Critical Race Theory

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Link – Immigration/Islamaphobia

Federal profiling programs target those from Islamic countries through racial profiling

ACLU 9 (a nonpartisan, non-profit organization whose stated mission is "to defend and preserve the individual rights and liberties guaranteed to every person in this country by the Constitution and laws of the United States." “The Persistence of Racial and Ethnic Profiling in the United States: A Follow-Up Report to the U.N. Committee on the Elimination of Racial Discrimination” August 2009 , cayla_)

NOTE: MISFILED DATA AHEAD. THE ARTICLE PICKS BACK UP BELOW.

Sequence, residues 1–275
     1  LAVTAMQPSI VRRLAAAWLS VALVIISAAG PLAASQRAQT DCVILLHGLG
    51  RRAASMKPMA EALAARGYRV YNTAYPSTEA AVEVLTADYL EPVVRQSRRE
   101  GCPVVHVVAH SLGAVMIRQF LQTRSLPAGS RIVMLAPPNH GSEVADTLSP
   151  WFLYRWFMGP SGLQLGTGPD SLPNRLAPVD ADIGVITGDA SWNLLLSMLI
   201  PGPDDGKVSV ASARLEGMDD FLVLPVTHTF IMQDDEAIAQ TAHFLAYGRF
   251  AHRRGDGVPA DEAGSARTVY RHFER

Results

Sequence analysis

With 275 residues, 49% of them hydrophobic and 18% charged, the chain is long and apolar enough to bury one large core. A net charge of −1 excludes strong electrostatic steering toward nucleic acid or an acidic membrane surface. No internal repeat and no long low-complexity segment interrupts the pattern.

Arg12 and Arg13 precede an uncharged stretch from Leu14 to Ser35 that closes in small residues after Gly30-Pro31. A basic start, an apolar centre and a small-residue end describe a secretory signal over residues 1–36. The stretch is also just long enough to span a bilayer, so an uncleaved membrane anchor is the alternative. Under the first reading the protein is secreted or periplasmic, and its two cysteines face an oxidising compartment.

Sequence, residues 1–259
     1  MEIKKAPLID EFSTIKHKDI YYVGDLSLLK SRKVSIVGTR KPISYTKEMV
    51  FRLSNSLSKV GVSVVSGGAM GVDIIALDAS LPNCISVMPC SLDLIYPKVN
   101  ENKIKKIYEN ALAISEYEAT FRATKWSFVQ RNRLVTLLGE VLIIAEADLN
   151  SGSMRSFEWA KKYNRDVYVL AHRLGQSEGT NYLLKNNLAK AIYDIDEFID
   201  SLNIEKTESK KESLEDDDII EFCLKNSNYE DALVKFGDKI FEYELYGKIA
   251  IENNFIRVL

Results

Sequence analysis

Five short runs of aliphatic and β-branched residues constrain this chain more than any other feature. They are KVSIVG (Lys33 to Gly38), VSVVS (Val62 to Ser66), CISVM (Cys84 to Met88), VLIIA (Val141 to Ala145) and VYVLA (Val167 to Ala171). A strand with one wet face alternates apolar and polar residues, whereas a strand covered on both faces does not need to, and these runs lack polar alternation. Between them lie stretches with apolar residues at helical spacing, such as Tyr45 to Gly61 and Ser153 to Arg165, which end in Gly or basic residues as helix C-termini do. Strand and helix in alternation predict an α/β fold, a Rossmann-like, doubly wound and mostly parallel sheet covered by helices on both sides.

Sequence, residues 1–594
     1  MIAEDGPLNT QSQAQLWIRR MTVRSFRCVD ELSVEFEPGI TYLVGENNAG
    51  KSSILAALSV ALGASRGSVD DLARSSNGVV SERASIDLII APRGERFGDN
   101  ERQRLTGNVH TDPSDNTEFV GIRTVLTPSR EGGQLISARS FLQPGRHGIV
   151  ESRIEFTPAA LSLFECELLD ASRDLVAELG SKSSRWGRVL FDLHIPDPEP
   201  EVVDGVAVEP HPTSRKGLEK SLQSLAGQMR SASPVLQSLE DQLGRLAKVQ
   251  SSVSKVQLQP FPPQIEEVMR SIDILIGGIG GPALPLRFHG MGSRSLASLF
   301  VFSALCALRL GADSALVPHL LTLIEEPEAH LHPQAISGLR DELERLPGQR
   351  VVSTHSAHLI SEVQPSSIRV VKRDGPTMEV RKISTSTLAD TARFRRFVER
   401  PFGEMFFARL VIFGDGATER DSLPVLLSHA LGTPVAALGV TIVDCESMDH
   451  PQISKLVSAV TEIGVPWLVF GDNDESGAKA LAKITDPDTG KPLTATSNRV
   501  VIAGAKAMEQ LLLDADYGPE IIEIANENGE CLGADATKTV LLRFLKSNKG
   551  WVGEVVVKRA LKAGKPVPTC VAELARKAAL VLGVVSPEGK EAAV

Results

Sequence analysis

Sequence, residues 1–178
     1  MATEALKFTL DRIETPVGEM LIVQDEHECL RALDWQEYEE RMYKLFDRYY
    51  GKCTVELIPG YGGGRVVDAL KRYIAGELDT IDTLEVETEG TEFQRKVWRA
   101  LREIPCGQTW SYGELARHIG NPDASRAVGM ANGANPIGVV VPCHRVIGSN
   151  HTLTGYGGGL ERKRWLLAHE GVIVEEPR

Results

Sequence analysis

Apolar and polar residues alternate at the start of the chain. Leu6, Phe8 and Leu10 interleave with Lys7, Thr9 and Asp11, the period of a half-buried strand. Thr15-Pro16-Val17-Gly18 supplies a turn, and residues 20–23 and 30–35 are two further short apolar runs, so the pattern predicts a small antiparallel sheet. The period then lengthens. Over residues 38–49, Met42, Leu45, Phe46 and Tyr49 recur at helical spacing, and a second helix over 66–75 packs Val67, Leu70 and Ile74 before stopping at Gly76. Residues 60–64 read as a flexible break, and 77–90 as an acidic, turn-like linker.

As noted in the December 2007 ACLU and the January 2008 RWG shadow reports to the CERD Committee, since the tragic events of 9/11, the United States government has subjected hundreds of men from (or appearing to be from) Muslim, Arab, or South Asian countries to racial profiling, unfair treatment and punishment, and arbitrary detention and investigation.105 Without specific or material verification, individuals have been scrutinized based upon assumptions of their potential connection to alleged “terrorist activities.”106 Almost none of these men have been found to have any connection to terrorism and the law enforcement agencies who categorized the men as having “special interest” appear to have based many of these decisions on racial, ethnic, and religious profiling.107 While in custody for months on end, some of the men were physically and psychologically brutalized and mistreated, and even still, after having been found to be innocent of the terrorist activity that they were suspected of, many of these men were deported.108 We would respectfully refer the Committee to two ACLU reports that document the destructive impact that these human rights violations have had upon the individual families and broader communities that these men belonged to, as well as to a 2004 decision of the U.N. Working Group on Arbitrary Detention.109 NSEERS (“Special Registration”) In the wake of 9/11, the U.S. government has used immigration enforcement as a justification to target members of Muslim, Arab and South Asian communities for investigation, interrogation and sometimes deportation.110 Though this tactic has been used in various ways, the most notorious is the National Security Entry-Exit Registration System (NSEERS).111 The NSEERS program required certain non-immigrants from predominantly Muslim countries to register themselves at ports of entry and local immigration offices, and to be fingerprinted, photographed and questioned at length based on their countries of origin.112 The U.S. government took the position that NSEERS did not constitute religious profiling, since it was based on national origin and eventually was to be expanded to all countries.113 In reality, the program was never expanded past the original list and, although some parts of the program were suspended, other parts are still in place.114 After considering the report of the U.S. government and after listening to testimony of U.S. officials during the constructive dialogue, the Committee issued a recommendation to the U.S. government expressing concern over the National Security Entry-Exit Registration System (NSEERS). The recommendation states in relevant part: The Committee also draws the attention of the State party to its general recommendation no. 30 (2004) on discrimination against non-citizens, according to which measures taken in the fight against terrorism must not discriminate, in purpose or effect, on the grounds of race, colour, descent, or national or ethnic origin, and urges the Updates 30 The Persistence of Racial and Ethnic Profiling in the United States State party, in accordance with article 2, paragraph 1 (c), of the Convention, to put an end to the National Entry and Exit Registration System (NEERS) [sic] and to eliminate other forms of racial profiling against Arabs, Muslims and South Asians.115 The CERD Committee recommendation was most appropriate. Unfortunately, victims who challenged the constitutionality of the NSEERS program have failed to win redress. In September 2008, in Rajah et al. v. Mukasey, four people placed in removal proceedings with orders of removal had their claims rejected by the Second Circuit Court of Appeals.116 The court found, in relevant part, that the Immigration and Nationality Act provides statutory authorization for the NSEERS program, that the NSEERS program does not violate the equal protection clause of the U.S. Constitution and that petitioners had not endured 4th or 5th Amendment violations.117